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Boxgrove
CATEGORY: site
DEFINITION: An Acheulian site in West Sussex, England, with biface manufacturing, lithic tools and debitage.
Patch Grove ware
CATEGORY: artifact
DEFINITION: Kind of pottery with a rough grey core and an orange or brown surface, found mainly in northwest Kent and Surrey, usually in the form of wide-mouthed storage jars and with notched decoration on the shoulder. It is in a native British tradition that lasted into the 2nd century AD.
Republic Groves
CATEGORY: site
DEFINITION: Archaic cemetery in Florida with well-preserved human and animal bone, stone artifacts, and burial goods.
bulk provenience
CATEGORY: technique
DEFINITION: The location (provenience) of a group of similar objects by type of material and by level or surface.
point provenience
CATEGORY: technique
DEFINITION: The location (provenience) of a specific object at an exact point on a site.
provenience
SYNONYMS OR RELATED TERMS: provenance
CATEGORY: technique
DEFINITION: The source, origin, or location of an artifact or feature and the recording of same. It is the position of an archaeological find in time and space, recorded three-dimensionally. The horizontal reference system is usually some form of grid tied to a reference datum; the vertical dimension is reference to a vertical datum. I.e., the three-dimensional position of an archaeological find in time and space and recorded from a known datum point at an archaeological site.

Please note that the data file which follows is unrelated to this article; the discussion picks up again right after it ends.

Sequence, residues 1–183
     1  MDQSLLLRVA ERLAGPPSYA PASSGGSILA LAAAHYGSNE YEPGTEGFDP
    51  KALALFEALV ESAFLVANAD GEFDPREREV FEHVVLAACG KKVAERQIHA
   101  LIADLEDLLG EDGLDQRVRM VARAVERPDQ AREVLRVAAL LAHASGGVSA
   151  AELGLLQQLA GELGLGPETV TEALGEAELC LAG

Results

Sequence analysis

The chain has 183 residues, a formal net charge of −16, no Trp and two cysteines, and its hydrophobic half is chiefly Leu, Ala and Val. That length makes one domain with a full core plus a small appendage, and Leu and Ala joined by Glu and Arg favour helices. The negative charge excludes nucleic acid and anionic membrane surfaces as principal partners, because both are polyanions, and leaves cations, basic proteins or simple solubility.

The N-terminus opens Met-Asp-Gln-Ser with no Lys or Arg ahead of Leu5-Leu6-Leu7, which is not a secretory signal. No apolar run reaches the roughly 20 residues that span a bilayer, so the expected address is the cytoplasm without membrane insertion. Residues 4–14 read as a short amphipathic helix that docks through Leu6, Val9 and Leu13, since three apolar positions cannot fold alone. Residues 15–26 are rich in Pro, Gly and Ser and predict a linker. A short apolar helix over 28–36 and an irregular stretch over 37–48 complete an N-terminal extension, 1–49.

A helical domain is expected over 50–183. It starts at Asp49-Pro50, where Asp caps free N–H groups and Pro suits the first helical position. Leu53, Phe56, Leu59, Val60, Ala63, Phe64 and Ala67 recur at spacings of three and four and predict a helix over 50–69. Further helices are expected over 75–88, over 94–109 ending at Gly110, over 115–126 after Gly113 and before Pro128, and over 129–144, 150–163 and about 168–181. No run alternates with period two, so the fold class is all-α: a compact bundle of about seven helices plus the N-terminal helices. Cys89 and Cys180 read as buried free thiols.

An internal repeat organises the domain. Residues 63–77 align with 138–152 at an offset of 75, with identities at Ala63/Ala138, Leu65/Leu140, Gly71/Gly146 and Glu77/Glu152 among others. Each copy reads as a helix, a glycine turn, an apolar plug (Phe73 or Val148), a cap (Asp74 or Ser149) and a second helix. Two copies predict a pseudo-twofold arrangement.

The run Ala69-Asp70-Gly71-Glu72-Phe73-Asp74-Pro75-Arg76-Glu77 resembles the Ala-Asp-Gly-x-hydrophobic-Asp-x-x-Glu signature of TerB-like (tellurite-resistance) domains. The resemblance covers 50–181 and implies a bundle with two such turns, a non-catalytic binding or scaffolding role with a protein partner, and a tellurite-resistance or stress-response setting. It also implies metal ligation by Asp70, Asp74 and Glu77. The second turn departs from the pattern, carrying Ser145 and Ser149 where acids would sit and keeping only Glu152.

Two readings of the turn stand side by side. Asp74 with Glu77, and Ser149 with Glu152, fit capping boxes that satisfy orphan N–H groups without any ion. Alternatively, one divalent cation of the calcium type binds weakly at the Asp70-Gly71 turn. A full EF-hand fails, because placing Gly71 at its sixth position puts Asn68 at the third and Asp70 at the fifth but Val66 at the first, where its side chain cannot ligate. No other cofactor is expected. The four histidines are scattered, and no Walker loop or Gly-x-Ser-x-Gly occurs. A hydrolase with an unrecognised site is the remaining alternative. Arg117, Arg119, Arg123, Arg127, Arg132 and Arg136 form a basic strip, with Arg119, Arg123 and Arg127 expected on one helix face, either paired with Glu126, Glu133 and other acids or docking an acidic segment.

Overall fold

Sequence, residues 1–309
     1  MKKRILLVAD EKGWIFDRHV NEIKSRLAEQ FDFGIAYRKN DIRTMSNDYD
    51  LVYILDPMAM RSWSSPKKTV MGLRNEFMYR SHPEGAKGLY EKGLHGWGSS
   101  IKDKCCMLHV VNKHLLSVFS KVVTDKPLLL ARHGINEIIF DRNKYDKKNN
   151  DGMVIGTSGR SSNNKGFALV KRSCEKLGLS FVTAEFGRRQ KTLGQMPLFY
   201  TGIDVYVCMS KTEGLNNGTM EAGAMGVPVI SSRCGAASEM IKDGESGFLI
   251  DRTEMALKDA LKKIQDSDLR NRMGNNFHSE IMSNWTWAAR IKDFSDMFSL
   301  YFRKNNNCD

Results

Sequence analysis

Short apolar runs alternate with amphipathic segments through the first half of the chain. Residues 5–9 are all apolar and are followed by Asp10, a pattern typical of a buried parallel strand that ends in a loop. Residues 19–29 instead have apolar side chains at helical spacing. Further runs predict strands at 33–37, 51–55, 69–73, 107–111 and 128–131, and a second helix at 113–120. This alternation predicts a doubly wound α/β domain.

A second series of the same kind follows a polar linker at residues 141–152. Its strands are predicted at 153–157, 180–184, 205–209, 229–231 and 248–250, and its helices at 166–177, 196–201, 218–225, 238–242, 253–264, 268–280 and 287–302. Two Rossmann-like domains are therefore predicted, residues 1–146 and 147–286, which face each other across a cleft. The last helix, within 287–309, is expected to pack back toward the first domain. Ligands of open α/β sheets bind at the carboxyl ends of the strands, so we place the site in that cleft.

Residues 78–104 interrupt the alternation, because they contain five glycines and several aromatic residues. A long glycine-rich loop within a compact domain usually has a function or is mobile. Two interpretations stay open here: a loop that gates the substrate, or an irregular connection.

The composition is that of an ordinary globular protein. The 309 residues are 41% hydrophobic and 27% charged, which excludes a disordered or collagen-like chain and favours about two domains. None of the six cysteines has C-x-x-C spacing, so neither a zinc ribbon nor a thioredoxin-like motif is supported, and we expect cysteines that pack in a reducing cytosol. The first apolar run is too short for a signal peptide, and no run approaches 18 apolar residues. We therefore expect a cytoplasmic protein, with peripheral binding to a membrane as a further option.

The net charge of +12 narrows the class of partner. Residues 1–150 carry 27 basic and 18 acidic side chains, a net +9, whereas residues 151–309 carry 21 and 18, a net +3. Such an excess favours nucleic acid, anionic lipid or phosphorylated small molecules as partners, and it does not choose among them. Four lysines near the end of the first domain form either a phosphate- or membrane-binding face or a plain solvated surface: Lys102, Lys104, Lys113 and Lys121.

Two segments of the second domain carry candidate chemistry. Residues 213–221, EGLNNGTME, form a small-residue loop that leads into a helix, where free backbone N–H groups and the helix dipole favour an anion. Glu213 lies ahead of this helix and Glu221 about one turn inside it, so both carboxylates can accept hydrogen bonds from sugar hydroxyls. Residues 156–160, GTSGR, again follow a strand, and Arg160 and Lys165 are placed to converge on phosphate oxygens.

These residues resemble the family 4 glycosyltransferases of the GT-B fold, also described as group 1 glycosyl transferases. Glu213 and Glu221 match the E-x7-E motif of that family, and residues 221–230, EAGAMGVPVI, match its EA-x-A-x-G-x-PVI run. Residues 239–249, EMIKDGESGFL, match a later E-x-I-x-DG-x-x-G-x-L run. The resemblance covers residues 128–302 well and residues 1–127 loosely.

provenience lot
CATEGORY: technique
DEFINITION: A defined spatial area, in either two dimensions (for surface data) or three dimensions (for excavated data), used as a minimal unit for provenience determination and recording.
rove
CATEGORY: artifact
DEFINITION: A small metal ring through which a nail or rivet is passed and fixed.
treasure trove
CATEGORY: term; artifact
DEFINITION: In law, treasure found hidden in the ground etc. but of unknown ownership. In Britain, treasure troves are the property of the State, though sometimes they are in part returned or recompensed to the owner of the land. To be declared treasure trove by a coroner's inquest, the items must be of gold or silver, must have been lost or hidden with the intention of recovery, and by someone who is no longer traceable. In these circumstances, the Crown takes possession, rewarding the finder with the market value or with the object itself if it is not required for the national collections.

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